Many wonder what “when I am weak, then I am strong” means. At first glance, the statement does not seem to make any sense and even seems to contradict itself. How can someone possibly be weak and strong at the same time? Surely we can be one or the other, but not both?
The apostle Paul wrote these words when he was struggling with an issue that he described as a ‘thorn in the flesh.’ We do not know exactly what was troubling him, but the severity of this trial was obviously so terrible that it greatly weakened him.
‘Three times I pleaded with the Lord to take it [a thorn in my flesh] away from me. But he said to me, "My grace is sufficient for you, for my power is made perfect in weakness." Therefore I will boast all the more gladly about my weaknesses, so that Christ's power may rest on me. That is why, for Christ's sake, I delight in weaknesses, in insults, in hardships, in persecutions, in difficulties. For when I am weak, then I am strong.’ 2 Corinthians 12:8-10. NIV.
When our lives are running smoothly and devoid of trials, we have a tendency to rely upon our own human strength – strength that cannot compare in any way to Christ’s almighty, divine strength.
However, when our life is beset with difficulties and storms, our strength fades away and we become weak. Yet in these times of personal weakness we can turn to Jesus and rely upon His divine strength, and through that strength, face and endure those storms. And when we are relying upon Christ’s almighty strength instead of upon our own inadequate strength, we are really strong.
The Amplified Bible’s expansion of this Bible passage, explains it perfectly:
Three times I called upon the Lord and besought [Him] about this and begged that it might depart from me; But He said to me, My grace (My favor and loving-kindness and mercy) is enough for you [sufficient against any danger and enables you to bear the trouble manfully]; for My strength and power are made perfect (fulfilled and completed) and show themselves most effective in [your] weakness. Therefore, I will all the more gladly glory in my weaknesses and infirmities, that the strength and power of Christ (the Messiah) may rest (yes, may pitch a tent over and dwell) upon me! So for the sake of Christ, I am well pleased and take pleasure in infirmities, insults, hardships, persecutions, perplexities and distresses; for when I am weak [in human strength], then am I [truly] strong (able, powerful in divine strength).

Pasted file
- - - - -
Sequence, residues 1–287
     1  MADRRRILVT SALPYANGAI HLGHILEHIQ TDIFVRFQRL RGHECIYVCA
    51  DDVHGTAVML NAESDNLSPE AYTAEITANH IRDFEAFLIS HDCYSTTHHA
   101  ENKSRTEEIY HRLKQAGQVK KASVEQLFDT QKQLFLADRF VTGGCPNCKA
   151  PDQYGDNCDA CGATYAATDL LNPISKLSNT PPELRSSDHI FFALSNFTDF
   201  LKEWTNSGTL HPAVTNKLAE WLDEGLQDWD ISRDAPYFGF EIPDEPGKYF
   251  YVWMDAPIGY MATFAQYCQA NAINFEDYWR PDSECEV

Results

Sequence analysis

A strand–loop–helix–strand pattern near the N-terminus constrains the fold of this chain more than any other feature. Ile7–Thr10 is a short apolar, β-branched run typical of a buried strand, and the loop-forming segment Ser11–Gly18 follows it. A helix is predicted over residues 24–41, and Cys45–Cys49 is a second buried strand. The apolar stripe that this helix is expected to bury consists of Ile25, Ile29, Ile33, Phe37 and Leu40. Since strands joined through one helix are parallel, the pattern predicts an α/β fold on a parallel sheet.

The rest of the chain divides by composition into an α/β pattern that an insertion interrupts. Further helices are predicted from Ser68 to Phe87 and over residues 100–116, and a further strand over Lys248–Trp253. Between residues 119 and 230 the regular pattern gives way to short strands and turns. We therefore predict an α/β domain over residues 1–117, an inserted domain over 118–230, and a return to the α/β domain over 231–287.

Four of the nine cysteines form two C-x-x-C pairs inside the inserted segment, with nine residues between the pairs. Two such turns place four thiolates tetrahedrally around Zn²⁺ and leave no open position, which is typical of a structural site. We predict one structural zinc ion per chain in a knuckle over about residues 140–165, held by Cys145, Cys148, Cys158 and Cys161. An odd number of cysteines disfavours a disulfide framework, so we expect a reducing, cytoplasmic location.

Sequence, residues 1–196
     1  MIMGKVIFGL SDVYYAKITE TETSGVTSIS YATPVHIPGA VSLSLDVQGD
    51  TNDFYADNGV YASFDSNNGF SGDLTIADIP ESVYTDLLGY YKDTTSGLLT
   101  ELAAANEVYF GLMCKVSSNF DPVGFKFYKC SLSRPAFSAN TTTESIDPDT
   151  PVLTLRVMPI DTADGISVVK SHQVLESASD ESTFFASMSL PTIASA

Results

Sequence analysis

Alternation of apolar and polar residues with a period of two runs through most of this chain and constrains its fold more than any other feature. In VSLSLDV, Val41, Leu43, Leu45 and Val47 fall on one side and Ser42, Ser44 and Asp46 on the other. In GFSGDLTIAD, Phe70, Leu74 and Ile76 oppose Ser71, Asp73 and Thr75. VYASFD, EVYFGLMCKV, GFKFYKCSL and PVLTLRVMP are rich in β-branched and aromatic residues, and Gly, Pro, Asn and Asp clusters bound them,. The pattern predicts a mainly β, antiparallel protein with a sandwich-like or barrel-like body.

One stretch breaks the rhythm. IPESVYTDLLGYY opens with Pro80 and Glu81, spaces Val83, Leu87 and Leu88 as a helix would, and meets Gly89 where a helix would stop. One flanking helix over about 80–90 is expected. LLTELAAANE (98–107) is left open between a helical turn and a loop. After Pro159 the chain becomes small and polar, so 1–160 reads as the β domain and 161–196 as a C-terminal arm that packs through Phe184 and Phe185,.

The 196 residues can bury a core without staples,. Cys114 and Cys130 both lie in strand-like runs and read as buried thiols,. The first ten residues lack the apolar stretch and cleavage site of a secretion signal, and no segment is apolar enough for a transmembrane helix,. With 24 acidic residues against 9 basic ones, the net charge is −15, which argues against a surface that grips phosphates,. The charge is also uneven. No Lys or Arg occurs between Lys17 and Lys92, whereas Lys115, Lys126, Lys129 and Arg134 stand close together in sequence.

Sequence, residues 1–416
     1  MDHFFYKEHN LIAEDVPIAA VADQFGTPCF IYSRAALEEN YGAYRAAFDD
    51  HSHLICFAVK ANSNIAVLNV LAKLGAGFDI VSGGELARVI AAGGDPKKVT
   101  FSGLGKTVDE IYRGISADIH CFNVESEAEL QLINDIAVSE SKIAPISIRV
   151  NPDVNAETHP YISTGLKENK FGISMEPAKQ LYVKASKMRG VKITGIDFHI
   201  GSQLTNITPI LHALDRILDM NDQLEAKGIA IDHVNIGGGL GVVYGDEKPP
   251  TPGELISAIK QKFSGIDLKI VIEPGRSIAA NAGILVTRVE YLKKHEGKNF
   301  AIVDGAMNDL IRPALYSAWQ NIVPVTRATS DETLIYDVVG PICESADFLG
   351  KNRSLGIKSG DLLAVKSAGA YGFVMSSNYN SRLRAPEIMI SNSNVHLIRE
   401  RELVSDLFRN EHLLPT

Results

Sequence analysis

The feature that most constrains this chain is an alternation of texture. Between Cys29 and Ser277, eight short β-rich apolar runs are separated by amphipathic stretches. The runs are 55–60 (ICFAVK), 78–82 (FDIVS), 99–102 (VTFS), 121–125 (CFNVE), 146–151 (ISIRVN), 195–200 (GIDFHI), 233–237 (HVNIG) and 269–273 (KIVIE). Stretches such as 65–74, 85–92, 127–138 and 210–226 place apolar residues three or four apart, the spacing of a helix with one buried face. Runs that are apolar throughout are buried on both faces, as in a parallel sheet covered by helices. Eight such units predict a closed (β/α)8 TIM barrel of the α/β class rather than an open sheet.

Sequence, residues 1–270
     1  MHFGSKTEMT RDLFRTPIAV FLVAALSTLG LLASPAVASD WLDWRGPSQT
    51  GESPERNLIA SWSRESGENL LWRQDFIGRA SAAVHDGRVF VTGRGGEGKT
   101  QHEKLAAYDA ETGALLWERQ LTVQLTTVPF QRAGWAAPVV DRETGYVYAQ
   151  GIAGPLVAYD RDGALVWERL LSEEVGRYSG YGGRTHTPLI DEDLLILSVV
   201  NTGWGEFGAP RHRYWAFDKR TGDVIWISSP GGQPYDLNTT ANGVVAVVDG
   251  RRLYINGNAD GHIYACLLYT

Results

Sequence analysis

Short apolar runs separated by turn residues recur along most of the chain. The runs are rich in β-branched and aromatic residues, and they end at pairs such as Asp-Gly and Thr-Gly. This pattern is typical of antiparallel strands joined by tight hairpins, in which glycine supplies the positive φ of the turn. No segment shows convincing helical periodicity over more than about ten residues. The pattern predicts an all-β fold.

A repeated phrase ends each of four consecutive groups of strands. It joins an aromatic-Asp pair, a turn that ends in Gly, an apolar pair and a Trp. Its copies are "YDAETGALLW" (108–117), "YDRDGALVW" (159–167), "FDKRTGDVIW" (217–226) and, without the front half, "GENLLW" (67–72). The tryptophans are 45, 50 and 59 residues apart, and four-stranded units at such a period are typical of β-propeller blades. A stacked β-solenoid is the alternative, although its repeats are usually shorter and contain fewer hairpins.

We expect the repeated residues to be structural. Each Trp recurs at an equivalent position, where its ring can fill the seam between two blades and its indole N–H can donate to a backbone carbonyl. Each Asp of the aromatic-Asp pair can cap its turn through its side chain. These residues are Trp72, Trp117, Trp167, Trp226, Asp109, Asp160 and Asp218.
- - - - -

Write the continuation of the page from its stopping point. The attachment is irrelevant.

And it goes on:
I have endured much in my life, with a sickly childhood, rejection, bullying, epilepsy and deafness, but it was when I was severely depressed that I was at my weakest. Here are some things I wrote in my diary:
I wish I had the wings of an eagle,
for I grow faint, physically and emotionally
I feel so inadequate, so helpless, so full of fears.
Irritation, frustration and anger rise up and consume me,
and I’m so weak I can’t even fight them.
Yet in spite of this weakness, I sought Jesus throughout the ordeal with every fibre of my being, praying, worshipping and praising Him, waiting on Him, and standing upon His word. And although I could not feel His presence during that time, when I look back at those days, I can see so clearly that He was there, carrying me and giving me the strength to persevere.
I would also like to draw our attention to another very significant aspect of allowing Christ’s strength to empower us during our trials. Paul talks about being glad about his weaknesses and even delighting in them.
It is imperative that we do not fall into the trap of grumbling against God during such trials, nor fight or fear them. We need to keep in mind that God uses such trials to strengthen our faith and develop our character, and then thank and praise Him in, through, and even for such trials. We need trust in Christ completely, reminding ourselves that He is sovereign and in control of all things. I remember reaching this point during my journey with depression - and how different the journey was from that point – I was able to get back out there and live an increasingly normal life while awaiting full recovery.
Consider it pure joy, my brothers, whenever you face trials of many kinds, because you know that the testing of your faith develops perseverance. Perseverance must finish its work so that you may be mature and complete, not lacking anything. James 1:2-4
Be joyful always; pray continually; give thanks in all circumstances, for this is God's will for you in Christ Jesus. 1 Thessalonians 5:16-18